There's much about his two open-heart surgeries that Healdsburg 13-year-old Colby Groom doesn't remember, and doesn't care to.
The quick-to-laugh lad with large brown eyes does recall an incident that followed his first operation, an attempt to repair a congenitally faulty heart valve when he was 8.
"It hurt so much that I was yelling that the guy was killing me," Colby exclaimed.
His dad, Australia-born winemaker Daryl Groom, remembers that painful moment, too, and many others.
"We saw Colby suffer a lot," he said.
Groom said he and his wife, Lisa, and Colby's three sisters, Lauren, who's now 23; Meg, 21, and Kara, 18, "sat with tears while waiting for him to come out of surgery."
The repair on the aortic valve didn't hold. So nine months later surgeons cut again into Colby's chest and replaced the leaky valve with a mechanical one.
His mother wasn't entirely sold on the man-made valve, but it's worked like a Swiss watch. And like a watch, the device emits a steady click that's audible on the rare occasions Colby is still and quiet.
Initially, Lisa Groom found the clicking disconcerting. But after four years of flawless operation on her son's heart, she said, "it's quite a reassuring sound."
As soon as Colby was up and about after the second surgery, the then 9-year-old began to act on a desire to show his gratitude and help advance research into congenital heart defects. "I don't want any other kids to die because there aren't solutions," he said.
He began taking part in benefit walks and other events of the American Heart Association. In 2007, Colby handed the organization the $1,070 he took in by setting up a tent and offering to let folks see his scars and listen to the ticking — in exchange for a donation.
"I've always had a little bit of that urge to help other people," said Colby, a seventh grader at the private Healdsburg School. His devotion drove sister Meg, at age 17, to join with a friend and organize an auction that brought the Heart Association almost $30,000.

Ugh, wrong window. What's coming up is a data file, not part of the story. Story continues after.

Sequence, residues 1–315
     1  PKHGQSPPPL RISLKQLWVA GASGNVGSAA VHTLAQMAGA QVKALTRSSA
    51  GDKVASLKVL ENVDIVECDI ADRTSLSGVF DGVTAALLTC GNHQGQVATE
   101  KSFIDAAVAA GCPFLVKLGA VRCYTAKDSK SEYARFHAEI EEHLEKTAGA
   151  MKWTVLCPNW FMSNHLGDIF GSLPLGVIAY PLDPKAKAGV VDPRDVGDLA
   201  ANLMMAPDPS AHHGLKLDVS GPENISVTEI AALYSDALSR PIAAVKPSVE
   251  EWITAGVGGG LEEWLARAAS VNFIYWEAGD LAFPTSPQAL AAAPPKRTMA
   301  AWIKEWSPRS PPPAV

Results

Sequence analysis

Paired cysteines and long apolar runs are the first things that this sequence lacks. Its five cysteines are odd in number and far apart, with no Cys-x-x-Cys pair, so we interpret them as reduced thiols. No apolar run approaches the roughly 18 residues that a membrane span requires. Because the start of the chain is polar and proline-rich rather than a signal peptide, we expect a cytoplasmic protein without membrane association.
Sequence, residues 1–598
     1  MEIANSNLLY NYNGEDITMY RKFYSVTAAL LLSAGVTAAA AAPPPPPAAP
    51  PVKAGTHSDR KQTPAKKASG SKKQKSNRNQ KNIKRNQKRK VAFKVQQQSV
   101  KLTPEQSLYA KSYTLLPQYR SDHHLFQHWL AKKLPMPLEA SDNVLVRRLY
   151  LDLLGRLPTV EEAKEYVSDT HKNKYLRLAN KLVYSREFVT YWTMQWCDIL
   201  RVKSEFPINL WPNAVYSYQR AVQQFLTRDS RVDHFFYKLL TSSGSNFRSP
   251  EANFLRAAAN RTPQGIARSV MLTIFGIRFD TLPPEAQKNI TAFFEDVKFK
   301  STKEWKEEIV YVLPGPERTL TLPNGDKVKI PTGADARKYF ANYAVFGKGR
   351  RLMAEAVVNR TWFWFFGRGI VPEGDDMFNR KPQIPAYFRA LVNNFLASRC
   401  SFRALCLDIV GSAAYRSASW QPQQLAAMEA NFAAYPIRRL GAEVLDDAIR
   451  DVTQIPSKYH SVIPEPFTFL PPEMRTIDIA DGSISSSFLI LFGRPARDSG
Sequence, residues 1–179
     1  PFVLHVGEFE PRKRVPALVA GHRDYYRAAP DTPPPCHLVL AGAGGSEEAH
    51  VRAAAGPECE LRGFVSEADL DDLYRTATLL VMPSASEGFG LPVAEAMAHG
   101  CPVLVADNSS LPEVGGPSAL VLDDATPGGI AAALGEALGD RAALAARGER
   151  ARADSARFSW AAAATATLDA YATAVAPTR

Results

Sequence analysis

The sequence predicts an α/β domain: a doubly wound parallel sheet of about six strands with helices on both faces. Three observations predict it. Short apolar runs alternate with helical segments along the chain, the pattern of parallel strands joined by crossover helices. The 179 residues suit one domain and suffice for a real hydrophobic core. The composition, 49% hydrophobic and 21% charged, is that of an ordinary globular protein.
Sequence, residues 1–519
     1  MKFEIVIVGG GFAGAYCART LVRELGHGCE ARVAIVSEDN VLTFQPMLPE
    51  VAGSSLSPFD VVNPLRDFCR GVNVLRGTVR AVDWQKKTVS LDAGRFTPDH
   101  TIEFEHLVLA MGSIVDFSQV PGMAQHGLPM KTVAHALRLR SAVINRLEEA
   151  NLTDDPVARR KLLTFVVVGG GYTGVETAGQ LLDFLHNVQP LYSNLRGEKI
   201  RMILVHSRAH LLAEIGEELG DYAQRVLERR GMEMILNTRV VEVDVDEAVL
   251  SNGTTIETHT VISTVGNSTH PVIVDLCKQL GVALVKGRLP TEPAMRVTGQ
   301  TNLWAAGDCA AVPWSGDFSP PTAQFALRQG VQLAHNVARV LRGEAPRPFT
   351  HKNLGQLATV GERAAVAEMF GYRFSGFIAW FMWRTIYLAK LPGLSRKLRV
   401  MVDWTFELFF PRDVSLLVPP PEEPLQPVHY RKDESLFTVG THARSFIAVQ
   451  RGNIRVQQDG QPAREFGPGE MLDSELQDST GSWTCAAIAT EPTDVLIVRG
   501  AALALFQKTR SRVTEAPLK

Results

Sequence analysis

Colby thought about how he might do even more for heart-health research and for camps and other services for kids who endure heart defects. Early last year he floated an idea to his dad.
"Colby came to me on a Sunday afternoon and said he wanted us to make a wine together," Groom recalled.
Making wine is something Colby's father does well. While still in his native Australia, Groom made Penfolds Grange, one of the most expensive and collectible red wines anywhere.
He and Lisa brought their family to Sonoma County in 1989 and he soon became renowned for transforming the wines and standing of Geyser Peak. The winner of several "Winemaker of the Year" titles, Groom now bottles premium Australian wines with his own label, Groom Wines.
As he recalls, when his son first proposed that the two of them make a wine, "I was watching football and I just shrugged him off."
Colby persisted, days later telling his father they could make some money for heart research and services for young heart patients if they'd make and sell a wine and donate the profits.
Groom recalls telling him, "It's a lot of work." Colby said he was up to it. Within months there was born a blend of Sonoma County cabernet sauvignon, zinfandel, shiraz, merlot and petite sirah that they called Colby Red.